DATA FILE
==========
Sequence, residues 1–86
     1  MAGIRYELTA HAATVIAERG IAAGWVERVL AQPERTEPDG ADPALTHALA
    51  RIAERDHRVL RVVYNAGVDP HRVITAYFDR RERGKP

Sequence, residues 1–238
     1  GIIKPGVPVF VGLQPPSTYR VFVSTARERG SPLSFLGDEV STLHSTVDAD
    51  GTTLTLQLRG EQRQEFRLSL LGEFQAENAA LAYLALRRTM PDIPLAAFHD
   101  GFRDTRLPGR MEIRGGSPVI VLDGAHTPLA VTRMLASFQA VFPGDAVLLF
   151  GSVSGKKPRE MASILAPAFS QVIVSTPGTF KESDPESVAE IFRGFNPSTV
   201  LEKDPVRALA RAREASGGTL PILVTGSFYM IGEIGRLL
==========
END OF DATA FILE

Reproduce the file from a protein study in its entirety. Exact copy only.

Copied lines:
Sequence, residues 1–86
     1  MAGIRYELTA HAATVIAERG IAAGWVERVL AQPERTEPDG ADPALTHALA
    51  RIAERDHRVL RVVYNAGVDP HRVITAYFDR RERGKP

Sequence, residues 1–238
     1  GIIKPGVPVF VGLQPPSTYR VFVSTARERG SPLSFLGDEV STLHSTVDAD
    51  GTTLTLQLRG EQRQEFRLSL LGEFQAENAA LAYLALRRTM PDIPLAAFHD
   101  GFRDTRLPGR MEIRGGSPVI VLDGAHTPLA VTRMLASFQA VFPGDAVLLF
   151  GSVSGKKPRE MASILAPAFS QVIVSTPGTF KESDPESVAE IFRGFNPSTV
   201  LEKDPVRALA RAREASGGTL PILVTGSFYM IGEIGRLL